Establishing any new habit is difficult. It’s particularly challenging to establish new fitness habits – diet, exercise or sleep schedule – because these usually also necessitate drastic changes to existing, entrenched lifestyle habits.
Summer vacations offer a convenient on-ramp for trying out new fitness habits. Often, we have more time during vacations compared to other times in our lives. If we can do something enjoyable daily on vacation, we’re more likely to want to carve out time to continue it once we return home. The key word here is enjoyable. It’s not a good idea, for example, for a non-runner to begin the habit of running five miles every day on vacation. Nor would it be advisable to begin a restrictive diet on vacation.
The following five habit changers don’t require exertion or deprivation. Rather, these simple tasks give one a sense of immediate accomplishment without the downsides of sore muscles from new workouts or hunger from diets. I don’t recommend choosing more than one suggestion. Instead, select one that most appeals to you and fits best into your vacation plans.
Most of us know instinctively that fresh foods are better than processed and eating fruits and vegetables is better than eating pastries and deep fried foods. Unless one has a medically prescribed diet, she doesn’t need to follow a complicated regimen in order to eat more healthfully. Most of us get into trouble because we don’t pay close enough attention to what we’re eating and how much we’re eating.
Keeping a food log forces the logger to pay attention. Studies have consistently shown food loggers eat fewer calories and tend to choose healthier foods compared to those who don’t keep a log. Apps have made this process easier and faster than it’s ever been. See Redbook’s top 21 food tracking apps here for guidance.
Best for: Those who have trouble sticking to strict diets or who eat-on-the-go often would benefit the most from keeping a log. Vacations in familiar places, where local grocers and restaurants are known entities, are most conducive to food logging.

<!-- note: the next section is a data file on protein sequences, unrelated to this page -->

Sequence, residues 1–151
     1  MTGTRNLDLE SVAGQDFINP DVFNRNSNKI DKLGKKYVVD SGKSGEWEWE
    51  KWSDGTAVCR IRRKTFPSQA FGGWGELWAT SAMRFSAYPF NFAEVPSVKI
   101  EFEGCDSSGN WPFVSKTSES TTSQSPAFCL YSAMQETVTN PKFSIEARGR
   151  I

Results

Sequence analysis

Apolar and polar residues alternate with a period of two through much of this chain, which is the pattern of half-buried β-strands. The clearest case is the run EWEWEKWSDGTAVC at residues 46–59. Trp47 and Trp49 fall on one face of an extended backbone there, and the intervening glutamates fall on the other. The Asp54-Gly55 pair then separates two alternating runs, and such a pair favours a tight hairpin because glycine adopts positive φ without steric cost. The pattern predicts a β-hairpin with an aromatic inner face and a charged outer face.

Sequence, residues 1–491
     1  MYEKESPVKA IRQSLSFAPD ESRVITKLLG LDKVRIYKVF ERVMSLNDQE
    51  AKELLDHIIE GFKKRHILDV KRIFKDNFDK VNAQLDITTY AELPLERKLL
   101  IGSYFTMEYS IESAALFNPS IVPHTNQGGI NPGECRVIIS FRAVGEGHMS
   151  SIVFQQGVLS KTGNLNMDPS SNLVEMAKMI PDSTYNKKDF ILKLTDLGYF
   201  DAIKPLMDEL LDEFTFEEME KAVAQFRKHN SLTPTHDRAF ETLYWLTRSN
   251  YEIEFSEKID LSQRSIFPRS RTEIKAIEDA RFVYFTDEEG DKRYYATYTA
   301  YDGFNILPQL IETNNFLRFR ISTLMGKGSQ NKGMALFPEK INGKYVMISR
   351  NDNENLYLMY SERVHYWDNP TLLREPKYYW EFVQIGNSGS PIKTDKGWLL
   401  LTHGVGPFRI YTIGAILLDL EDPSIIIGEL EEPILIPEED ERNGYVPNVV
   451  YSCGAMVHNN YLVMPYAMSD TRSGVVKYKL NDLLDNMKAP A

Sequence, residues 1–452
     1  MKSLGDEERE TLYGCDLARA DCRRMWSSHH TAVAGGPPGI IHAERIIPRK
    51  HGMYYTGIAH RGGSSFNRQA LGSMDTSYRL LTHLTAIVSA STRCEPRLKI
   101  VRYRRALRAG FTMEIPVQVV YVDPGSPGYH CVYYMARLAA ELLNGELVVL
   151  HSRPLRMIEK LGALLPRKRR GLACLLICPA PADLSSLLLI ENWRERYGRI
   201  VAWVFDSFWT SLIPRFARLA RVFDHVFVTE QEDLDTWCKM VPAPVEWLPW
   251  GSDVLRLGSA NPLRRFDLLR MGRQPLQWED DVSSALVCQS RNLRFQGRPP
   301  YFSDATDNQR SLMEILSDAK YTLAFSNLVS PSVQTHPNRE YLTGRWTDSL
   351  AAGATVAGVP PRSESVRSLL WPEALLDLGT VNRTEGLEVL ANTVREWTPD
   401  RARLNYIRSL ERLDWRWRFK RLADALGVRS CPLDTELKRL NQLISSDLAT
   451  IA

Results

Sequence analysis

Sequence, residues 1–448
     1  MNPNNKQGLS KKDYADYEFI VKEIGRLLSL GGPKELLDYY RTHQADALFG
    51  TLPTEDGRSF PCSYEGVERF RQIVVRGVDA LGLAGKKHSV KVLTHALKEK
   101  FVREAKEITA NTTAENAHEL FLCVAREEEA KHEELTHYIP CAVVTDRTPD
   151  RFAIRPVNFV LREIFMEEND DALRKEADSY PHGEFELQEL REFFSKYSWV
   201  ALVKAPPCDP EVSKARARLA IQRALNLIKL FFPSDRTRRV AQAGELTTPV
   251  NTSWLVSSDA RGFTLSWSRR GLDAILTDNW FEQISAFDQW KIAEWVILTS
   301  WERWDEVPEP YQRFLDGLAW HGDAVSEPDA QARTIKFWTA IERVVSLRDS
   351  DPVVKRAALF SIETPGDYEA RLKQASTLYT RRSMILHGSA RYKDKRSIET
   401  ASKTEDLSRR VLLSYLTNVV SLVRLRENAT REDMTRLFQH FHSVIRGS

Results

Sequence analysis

Journaling takes food logging to the next level. With journaling, it’s less important to keep a precise log of food intake and more important to record how one is feeling before and after eating foods. Fitness journaling also has the benefit of incorporating the same data points surrounding exercise. As in, what thoughts and motivations went into choosing to exercise and how one felt physically and emotionally after exercising.
This in-depth reflection helps those journaling better understand why certain diets or exercise techniques haven’t worked in the past and what regimens might be worth trying in the future. See my post on journaling from last summer here for tips on getting started.
Best for: Journaling is most helpful to people who have emotional eating challenges or those who have been unsuccessful adopting a consistent exercise program. Those on a relaxing vacation alone or with only a few people are most likely to have the time and space to journal daily.
Many modern ills, such as obesity, insomnia or even lifestyle diseases, can be directly or indirectly linked to stress. Mindful breathing and meditation may be necessary for those who want to eat more healthfully, get more sleep or begin to exercise but who need to quiet the outside noise and de-stress before they can embark on those quests.
Many have the misconception that meditation requires long periods of mental focus. But meditation can be compared to learning to read. A child who has mastered reading “Goodnight Moon” has learned the foundations of reading and, eventually, he’ll be able to read a novel for 30 minutes or more at a time.
For those who are new to meditation, the “Goodnight Moon” point is practicing mindful breathing for two minutes or less. Eventually a person works her way up to full meditation from there, if she desires. But, stress relieving benefits can be realized with regular mindful breathing even if the practice never progresses to full meditation. You can see my post here on mindful breathing which also contains a link to establishing a meditation practice.
Best for: People who are under a great deal of stress benefit from just a few minutes of mindful breathing daily. This will be most easily accomplished by those who are comfortable with alone time and have plenty of it available on vacation.
Many who feel like they can’t make the time for dedicated workouts don’t realize how many opportunities for productive movement they have each day. A pedometer, when worn daily, becomes a constant reminder to seize on those opportunities. Studies have proven that people wearing pedometers do, indeed, move more than those who don’t.
Best for: People who sit a lot during a work day, are competitive in nature or have an active vacation planned would be good candidates for a pedometer.
In addition to the reality that many Americans eat too much and move too little, we also don’t sleep enough. And, actually, all three are interconnected. If one is failing at one of the three, she will find it more difficult to achieve the other two.
Luckily, the converse is also true. So, if one can establish good sleep habits over vacation and continue those when he returns home, he’ll likely have an easier time taking control of his diet and getting more exercise. Read my post here for tips on finding your sleep time sweet spot.
Best for: Anyone who isn’t on a pre-planned, hyper-scheduled vacation would benefit from and can practice establishing a sleep schedule on vacation.
Start one of these simple habits over your next vacation and reap the fitness rewards when you return home.